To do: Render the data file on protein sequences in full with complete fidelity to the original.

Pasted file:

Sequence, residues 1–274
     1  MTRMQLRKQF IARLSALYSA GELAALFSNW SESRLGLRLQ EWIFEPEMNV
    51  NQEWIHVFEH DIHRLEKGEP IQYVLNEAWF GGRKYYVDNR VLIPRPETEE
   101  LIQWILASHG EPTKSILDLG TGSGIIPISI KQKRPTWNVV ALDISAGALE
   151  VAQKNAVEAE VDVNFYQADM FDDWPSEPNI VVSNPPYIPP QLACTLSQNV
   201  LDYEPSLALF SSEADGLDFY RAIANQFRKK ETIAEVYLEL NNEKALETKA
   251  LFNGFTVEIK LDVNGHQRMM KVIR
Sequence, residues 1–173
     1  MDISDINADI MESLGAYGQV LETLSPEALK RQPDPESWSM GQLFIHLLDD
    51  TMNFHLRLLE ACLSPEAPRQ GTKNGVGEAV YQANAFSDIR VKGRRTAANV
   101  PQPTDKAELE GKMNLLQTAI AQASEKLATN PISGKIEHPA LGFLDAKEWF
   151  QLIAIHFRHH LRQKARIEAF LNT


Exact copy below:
Sequence, residues 1–274
     1  MTRMQLRKQF IARLSALYSA GELAALFSNW SESRLGLRLQ EWIFEPEMNV
    51  NQEWIHVFEH DIHRLEKGEP IQYVLNEAWF GGRKYYVDNR VLIPRPETEE
   101  LIQWILASHG EPTKSILDLG TGSGIIPISI KQKRPTWNVV ALDISAGALE
   151  VAQKNAVEAE VDVNFYQADM FDDWPSEPNI VVSNPPYIPP QLACTLSQNV
   201  LDYEPSLALF SSEADGLDFY RAIANQFRKK ETIAEVYLEL NNEKALETKA
   251  LFNGFTVEIK LDVNGHQRMM KVIR
Sequence, residues 1–173
     1  MDISDINADI MESLGAYGQV LETLSPEALK RQPDPESWSM GQLFIHLLDD
    51  TMNFHLRLLE ACLSPEAPRQ GTKNGVGEAV YQANAFSDIR VKGRRTAANV
   101  PQPTDKAELE GKMNLLQTAI AQASEKLATN PISGKIEHPA LGFLDAKEWF
   151  QLIAIHFRHH LRQKARIEAF LNT